Tuesday, October 16, 2012

Softbank: Mr. Son Channels Muddy and Bo.

I like Softbank CEO Masayoshi Son's style.  It is a very definite break with the general behavior of Japanese CEOs of multinational companies, with the exception of some of the Japanese auto makers.  The Wall Street Journal quoted Mr. Son saying, "I'm a man."  Since he went to school in the U.S., and since the blues are popular in Japan, it just hit me that he must be referencing Muddy Waters' iconic anthem of the same name.  It fits well with Mr. Son's message that he strives to be number 1.  Muddy performs with Little Walter and Bo above.

The Journal, echoing our sentiments from yesterday, characterizes the deal as "one of the more unusual deals in U.S. telecom history."  A decade long business relationship between Mr. Son and Sprint CEO Hesse dates back to when Hesse was CEO of TerraBeam and Mr. Son was a Cisco board member.  This is pretty traditional in most cross-border megadeals.

In an investor presentation yesterday, the WSJ reports Mr. Son telling investors,
"When two rich firms rule the market like a duopoly, we see this as a real opportunity for a challenger," Mr. Son said during a two-hour presentation to reporters Monday, referring to the two largest U.S. carriers, AT&T Inc. and Verizon Wireless."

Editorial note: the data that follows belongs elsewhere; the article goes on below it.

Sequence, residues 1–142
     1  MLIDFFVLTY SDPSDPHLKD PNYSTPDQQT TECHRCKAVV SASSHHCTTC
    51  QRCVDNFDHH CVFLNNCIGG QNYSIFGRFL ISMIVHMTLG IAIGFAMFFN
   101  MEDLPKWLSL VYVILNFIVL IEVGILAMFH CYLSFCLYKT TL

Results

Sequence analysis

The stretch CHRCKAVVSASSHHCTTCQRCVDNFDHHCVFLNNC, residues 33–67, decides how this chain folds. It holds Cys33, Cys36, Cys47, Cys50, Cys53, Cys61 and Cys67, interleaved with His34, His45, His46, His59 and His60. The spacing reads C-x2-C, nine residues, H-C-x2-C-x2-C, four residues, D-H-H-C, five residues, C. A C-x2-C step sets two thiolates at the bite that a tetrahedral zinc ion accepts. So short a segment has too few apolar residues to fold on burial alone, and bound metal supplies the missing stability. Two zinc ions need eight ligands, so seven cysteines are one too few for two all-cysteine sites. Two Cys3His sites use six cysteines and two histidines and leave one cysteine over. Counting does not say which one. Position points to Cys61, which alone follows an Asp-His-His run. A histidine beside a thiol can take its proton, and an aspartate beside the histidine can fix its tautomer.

Amen to that.   When he bought Vodafone's Japanese business, Mr. Son introduced discount marketing and quickly went from losing customers to rapidly gaining share.  Sprint went on the same kick in the U.S., but it hasn't proved sustainable, and they bet the farm, late in the game, on the iPhone.  It remains to be seen if SoftBank, which is now the third largest cellular carrier worldwide, can pull off a disruptive model in a U.S. market duopoly and thrive.

Mr. Son has a pretty good sense of humor, as the Journal reports him saying,
"In the last two days, Softbank's market capitalization fell by ¥1 trillion. That means we provided ¥1 trillion worth of anxiety to you. But when that money returns from its journey, it will come back to you many times larger in the form of multiple trillions of yen," said Mr. Son. "That's how I want you to see it."

U.S. consumers will benefit if Mr. Son can pull this off.  I'll be rooting for him.

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